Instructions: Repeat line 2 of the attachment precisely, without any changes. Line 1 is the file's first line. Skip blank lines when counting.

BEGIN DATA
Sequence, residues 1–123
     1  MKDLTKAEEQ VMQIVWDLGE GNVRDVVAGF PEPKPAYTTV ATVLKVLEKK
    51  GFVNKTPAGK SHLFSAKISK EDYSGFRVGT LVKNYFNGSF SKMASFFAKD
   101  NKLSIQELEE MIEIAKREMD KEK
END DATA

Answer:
     1  MKDLTKAEEQ VMQIVWDLGE GNVRDVVAGF PEPKPAYTTV ATVLKVLEKK